The international system come to a deadlock from time to time. Those are generally transition periods. It means that the international system isn’t clear and a world order doesn’t indwell. In the international system, during these transition periods, the geography is used as a chessboard among the superpowers. However, there is a problem on evaluating the period in a clear way. Moreover the discourses and the images created by these discourses are interpreted as much larger and more important than they are in practice. In this context, the rise of China and its engagement to the system in a new format also created great rhetoric from its real size and led to the referring to the Cold War period which had a dramatic impact on history. The New Cold War dynamics, which were thought to have begun between the US and China, have shown itself primarily in the economic and technological fields. After declaring the US trade wars in March 2018, tensions increased between the two countries and customs tariffs were implemented at the beginning of July. In the same period, the China’s boom in the technology sector and expanding influence with channels such as BRI and  Made in China 2025 have brought geopolitical debates  into agenda about global power struggle  which belongs to the the Cold War era. The spread of the economic and technological competition into political and military areas is considered that the Cold War rhetoric strengthens. The Taiwan problem, which is a historical problem, and the increase in the speed of armament for the dominance of the South China Sea, have been described as the second critical front of this struggle. Finally, one of the arguments about Cold War rhetoric is that ideologies of the Clash of Civilizations. China’s representation of the East with the Confucian thought structure and the challenge of Western Civilization does not only have a theological meaning. This view also includes China’s demand for a multi-polar world order and anti-Western / anti-American ideologies that reject the values of the West.

The system we are living in cannot be named directly as Cold War.  As we tried to do in this analysis, in the light of current data, this system can be seen double-sided and has not yet been fully formulated. When evaluating the new period, it is necessary to consider the historical memory and the impact of globalization, to read the internal policy and foreign policy outputs and not to ignore the positions of other actors in the system. China will undoubtedly take its place in the system with a status that is getting stronger day by day. When the position of Beijing in the system is considered together with the other dynamics, the new system can emerge as the transformation of the classical balance of power into a multi-polarity, the cold war period may be experienced in a recurrent way, or it may show a unique period which has not yet been named. In this respect, It is important to analyze the developments in the international system away from a determinist perspective, and to improve alternative ideas besides discourses.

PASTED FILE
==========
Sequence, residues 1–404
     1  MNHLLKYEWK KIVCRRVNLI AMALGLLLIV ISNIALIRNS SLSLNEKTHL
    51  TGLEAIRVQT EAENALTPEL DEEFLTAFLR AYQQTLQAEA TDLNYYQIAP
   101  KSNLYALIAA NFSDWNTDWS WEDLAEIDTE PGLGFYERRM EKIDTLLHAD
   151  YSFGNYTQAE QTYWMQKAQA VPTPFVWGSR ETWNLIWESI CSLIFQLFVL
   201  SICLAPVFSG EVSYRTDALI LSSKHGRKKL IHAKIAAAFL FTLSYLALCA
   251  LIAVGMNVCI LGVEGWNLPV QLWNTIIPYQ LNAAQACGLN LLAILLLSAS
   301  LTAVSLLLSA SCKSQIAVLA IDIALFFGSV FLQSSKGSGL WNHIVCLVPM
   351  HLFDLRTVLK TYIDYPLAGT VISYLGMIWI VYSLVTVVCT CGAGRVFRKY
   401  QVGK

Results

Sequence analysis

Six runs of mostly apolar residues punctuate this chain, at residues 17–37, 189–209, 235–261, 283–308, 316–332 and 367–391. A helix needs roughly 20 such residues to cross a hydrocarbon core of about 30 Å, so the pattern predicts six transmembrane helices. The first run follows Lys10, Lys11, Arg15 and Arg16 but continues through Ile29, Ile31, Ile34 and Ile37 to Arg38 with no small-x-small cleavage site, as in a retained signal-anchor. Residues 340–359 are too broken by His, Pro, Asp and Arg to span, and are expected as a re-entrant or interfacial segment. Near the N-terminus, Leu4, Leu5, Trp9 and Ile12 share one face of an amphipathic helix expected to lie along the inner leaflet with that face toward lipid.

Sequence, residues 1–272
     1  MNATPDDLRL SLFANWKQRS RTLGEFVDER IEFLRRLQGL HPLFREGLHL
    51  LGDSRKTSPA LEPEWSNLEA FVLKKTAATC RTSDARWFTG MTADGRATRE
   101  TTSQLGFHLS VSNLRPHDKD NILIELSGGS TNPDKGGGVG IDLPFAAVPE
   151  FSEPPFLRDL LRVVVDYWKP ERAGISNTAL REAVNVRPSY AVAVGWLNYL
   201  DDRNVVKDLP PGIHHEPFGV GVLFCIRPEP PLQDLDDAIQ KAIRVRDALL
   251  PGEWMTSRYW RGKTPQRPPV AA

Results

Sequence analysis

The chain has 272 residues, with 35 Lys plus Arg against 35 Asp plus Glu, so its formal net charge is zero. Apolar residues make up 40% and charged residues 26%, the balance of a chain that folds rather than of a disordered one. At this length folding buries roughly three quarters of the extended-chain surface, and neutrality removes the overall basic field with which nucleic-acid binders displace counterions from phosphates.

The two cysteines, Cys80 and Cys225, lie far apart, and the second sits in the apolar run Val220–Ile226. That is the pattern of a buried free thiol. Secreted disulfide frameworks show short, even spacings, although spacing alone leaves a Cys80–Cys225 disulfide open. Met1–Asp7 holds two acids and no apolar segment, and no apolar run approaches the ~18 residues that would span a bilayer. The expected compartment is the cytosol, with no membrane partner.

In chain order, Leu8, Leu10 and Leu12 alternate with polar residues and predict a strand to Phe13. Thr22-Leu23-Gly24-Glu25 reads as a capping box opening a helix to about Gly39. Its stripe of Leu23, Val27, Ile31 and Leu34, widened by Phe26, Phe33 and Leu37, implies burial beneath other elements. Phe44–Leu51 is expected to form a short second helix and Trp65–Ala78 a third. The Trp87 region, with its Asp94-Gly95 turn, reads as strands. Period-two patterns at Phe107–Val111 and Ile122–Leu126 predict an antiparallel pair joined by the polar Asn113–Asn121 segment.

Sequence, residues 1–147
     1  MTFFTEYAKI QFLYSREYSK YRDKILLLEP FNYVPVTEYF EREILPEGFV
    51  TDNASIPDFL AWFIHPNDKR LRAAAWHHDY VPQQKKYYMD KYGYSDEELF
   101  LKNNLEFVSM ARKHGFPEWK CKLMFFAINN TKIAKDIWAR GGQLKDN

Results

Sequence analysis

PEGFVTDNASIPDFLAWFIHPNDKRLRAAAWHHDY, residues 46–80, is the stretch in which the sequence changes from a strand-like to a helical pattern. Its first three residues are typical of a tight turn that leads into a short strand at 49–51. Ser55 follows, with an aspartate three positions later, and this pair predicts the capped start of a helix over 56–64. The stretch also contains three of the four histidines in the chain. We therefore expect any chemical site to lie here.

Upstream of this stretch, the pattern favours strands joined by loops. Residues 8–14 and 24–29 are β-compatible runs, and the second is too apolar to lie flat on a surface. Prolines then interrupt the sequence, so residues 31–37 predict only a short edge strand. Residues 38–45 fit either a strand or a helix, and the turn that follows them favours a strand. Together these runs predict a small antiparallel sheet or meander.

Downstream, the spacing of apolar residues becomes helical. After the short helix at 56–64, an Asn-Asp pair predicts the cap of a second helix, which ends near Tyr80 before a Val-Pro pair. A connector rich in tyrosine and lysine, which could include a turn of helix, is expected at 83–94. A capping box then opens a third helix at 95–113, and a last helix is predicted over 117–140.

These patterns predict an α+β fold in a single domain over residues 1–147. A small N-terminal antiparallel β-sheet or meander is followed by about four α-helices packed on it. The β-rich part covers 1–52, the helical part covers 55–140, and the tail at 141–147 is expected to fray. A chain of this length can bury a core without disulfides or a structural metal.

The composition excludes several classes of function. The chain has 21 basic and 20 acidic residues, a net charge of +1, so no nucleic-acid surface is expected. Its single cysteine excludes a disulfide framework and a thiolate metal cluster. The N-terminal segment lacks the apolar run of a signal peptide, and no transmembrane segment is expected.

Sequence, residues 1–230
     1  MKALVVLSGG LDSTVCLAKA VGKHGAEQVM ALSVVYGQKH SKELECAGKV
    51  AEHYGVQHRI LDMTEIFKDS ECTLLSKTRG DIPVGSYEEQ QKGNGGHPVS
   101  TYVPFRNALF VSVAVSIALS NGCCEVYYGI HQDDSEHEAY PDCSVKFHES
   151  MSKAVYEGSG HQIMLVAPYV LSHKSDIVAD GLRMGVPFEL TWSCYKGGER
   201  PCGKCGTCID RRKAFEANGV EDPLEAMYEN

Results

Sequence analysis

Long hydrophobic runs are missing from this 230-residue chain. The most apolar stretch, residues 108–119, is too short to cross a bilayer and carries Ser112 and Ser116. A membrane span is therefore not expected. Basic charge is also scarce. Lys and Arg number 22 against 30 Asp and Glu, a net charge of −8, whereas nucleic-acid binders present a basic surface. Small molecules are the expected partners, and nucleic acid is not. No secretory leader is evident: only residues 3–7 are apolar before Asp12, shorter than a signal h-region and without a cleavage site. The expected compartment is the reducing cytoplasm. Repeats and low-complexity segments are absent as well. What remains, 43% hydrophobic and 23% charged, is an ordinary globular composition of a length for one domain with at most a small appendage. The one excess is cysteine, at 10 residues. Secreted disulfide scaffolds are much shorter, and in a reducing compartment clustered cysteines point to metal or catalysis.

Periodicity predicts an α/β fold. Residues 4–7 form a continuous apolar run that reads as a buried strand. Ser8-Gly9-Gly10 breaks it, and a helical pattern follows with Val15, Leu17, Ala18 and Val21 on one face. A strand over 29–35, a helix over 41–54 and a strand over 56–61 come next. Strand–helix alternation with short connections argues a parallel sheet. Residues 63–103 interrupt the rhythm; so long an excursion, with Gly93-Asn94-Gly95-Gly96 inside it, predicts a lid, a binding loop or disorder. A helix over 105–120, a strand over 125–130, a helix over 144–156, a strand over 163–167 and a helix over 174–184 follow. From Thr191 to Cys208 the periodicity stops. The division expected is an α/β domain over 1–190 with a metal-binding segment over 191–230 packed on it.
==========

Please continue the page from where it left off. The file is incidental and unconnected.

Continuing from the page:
[1]For details v. Lasse Thomassen, Deconstruction as Method in Political Theory, Österreichische Zeitschrift für Politikwissenschaft (ÖZP), Vol. 39. (2010) p. 42

[2] Faruk Sönmezoğlu, Uluslararası Politika ve Dış Politika Analizi, 4.B., İstanbul: Filiz Kitabevi, 2005, p. 665

[3]For details v. Morton Kaplan, ‘’Variants on Six Models of the International System’’, edited by J. N. Rosenau, in International Politics and Foreign Policy: A Reader in Research and Theory, New York: Free Press, 1969, pp. 291–303.

[4] Sönmezoğlu, op.cit., pp. 674-675.

[5] Andrew Heywood, Küresel Siyaset, Çev. Nasuh Uslu ve Haluk Özdemir, 3.b., Ankara: Adres Yayınları, 2014, p.68

[6] Heywood,Ibid., s.70

[7] Joseph Frankell, International Politics, Conflict and Harmony, London: Allen Lane, 1969, p.75.

[8] Kaplan, op.cit. pp.296-297.

[9] Bruce M. Russett, Trends in World Politics, London: Macmillian Press, 1965, pp.3-6

[10] Heywood, op.cit., p.71

[11] Michel Foucault, Söylemin Düzeni, Çev. Turhan Ilgaz, Hil Yayınları: İstanbul,1987, pp.28-31

[12] Allan Megill, Aşırılığın Peygamberleri: Nietzsche, Heidegger, Foucault, Derrida, Çev. Tuncay Birkan, İstanbul:Say Yayınları, 2012, p.408

[13]Niall Ferguson, ‘’Cold War II’’, Boston Globe, Mar.11.2019,, Mar.14.2019

[14] Ferguson, Ibid.

[15] Robert D. Kaplan, ‘’A New Cold War Has Begun’’, Foreign Policy, Jan.07.2019,, Mar.02.2019

[16] Zacharry Karabel, ‘’ A Cold War Is Coming, and It Isn’t China’s Fault’’, Foreign Policy, Oct.31.2018,, Mar.07.2019